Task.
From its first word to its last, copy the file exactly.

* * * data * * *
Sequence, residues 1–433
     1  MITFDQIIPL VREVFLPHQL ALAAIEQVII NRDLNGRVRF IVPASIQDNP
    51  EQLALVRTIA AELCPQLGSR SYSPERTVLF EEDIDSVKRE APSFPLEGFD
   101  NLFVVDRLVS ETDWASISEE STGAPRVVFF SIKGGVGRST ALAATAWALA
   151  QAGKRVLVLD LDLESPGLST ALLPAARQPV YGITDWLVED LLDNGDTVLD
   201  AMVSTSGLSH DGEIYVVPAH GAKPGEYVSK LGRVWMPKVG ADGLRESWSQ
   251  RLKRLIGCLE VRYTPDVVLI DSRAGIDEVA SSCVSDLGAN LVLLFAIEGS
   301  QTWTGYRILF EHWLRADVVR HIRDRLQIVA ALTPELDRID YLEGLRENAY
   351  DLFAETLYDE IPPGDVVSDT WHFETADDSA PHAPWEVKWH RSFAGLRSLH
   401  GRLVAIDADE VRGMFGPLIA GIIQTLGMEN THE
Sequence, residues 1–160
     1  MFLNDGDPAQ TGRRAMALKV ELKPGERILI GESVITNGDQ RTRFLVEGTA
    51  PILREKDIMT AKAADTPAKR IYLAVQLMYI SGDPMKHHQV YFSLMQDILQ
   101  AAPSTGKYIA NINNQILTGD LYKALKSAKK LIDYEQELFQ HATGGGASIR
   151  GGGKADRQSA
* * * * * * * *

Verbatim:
Sequence, residues 1–433
     1  MITFDQIIPL VREVFLPHQL ALAAIEQVII NRDLNGRVRF IVPASIQDNP
    51  EQLALVRTIA AELCPQLGSR SYSPERTVLF EEDIDSVKRE APSFPLEGFD
   101  NLFVVDRLVS ETDWASISEE STGAPRVVFF SIKGGVGRST ALAATAWALA
   151  QAGKRVLVLD LDLESPGLST ALLPAARQPV YGITDWLVED LLDNGDTVLD
   201  AMVSTSGLSH DGEIYVVPAH GAKPGEYVSK LGRVWMPKVG ADGLRESWSQ
   251  RLKRLIGCLE VRYTPDVVLI DSRAGIDEVA SSCVSDLGAN LVLLFAIEGS
   301  QTWTGYRILF EHWLRADVVR HIRDRLQIVA ALTPELDRID YLEGLRENAY
   351  DLFAETLYDE IPPGDVVSDT WHFETADDSA PHAPWEVKWH RSFAGLRSLH
   401  GRLVAIDADE VRGMFGPLIA GIIQTLGMEN THE
Sequence, residues 1–160
     1  MFLNDGDPAQ TGRRAMALKV ELKPGERILI GESVITNGDQ RTRFLVEGTA
    51  PILREKDIMT AKAADTPAKR IYLAVQLMYI SGDPMKHHQV YFSLMQDILQ
   101  AAPSTGKYIA NINNQILTGD LYKALKSAKK LIDYEQELFQ HATGGGASIR
   151  GGGKADRQSA